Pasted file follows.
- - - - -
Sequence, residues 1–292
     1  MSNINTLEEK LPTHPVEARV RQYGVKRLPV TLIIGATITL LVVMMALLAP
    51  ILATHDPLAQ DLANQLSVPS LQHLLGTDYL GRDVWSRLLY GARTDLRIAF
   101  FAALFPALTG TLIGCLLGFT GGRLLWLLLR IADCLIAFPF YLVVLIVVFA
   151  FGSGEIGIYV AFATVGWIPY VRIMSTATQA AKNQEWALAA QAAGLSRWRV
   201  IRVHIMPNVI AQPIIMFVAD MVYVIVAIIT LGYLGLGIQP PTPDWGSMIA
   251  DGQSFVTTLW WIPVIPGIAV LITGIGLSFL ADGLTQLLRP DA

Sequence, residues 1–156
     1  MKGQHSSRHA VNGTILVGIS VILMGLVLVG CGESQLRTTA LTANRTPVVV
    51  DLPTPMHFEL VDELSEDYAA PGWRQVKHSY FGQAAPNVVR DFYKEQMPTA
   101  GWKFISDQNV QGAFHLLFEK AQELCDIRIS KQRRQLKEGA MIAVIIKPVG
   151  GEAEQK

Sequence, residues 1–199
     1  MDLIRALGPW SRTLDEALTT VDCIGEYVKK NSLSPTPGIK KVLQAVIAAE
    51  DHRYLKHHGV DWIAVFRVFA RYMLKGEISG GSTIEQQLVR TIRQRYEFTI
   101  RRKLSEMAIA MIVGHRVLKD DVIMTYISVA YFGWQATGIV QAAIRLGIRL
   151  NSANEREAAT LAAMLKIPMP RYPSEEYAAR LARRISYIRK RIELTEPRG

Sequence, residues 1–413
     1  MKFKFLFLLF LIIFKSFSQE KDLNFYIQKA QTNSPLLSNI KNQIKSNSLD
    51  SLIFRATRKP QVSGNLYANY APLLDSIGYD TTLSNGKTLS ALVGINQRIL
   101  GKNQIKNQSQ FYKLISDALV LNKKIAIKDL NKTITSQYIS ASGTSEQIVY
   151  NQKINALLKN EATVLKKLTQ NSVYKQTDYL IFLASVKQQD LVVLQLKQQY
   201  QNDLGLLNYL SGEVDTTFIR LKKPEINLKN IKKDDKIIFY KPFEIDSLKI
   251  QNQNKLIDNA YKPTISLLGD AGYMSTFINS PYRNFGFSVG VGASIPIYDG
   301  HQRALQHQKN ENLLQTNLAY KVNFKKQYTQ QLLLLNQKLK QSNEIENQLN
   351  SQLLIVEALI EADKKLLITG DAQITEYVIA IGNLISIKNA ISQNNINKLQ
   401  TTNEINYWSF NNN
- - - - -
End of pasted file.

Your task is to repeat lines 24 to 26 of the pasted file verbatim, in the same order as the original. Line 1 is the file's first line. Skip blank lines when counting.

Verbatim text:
   251  QNQNKLIDNA YKPTISLLGD AGYMSTFINS PYRNFGFSVG VGASIPIYDG
   301  HQRALQHQKN ENLLQTNLAY KVNFKKQYTQ QLLLLNQKLK QSNEIENQLN
   351  SQLLIVEALI EADKKLLITG DAQITEYVIA IGNLISIKNA ISQNNINKLQ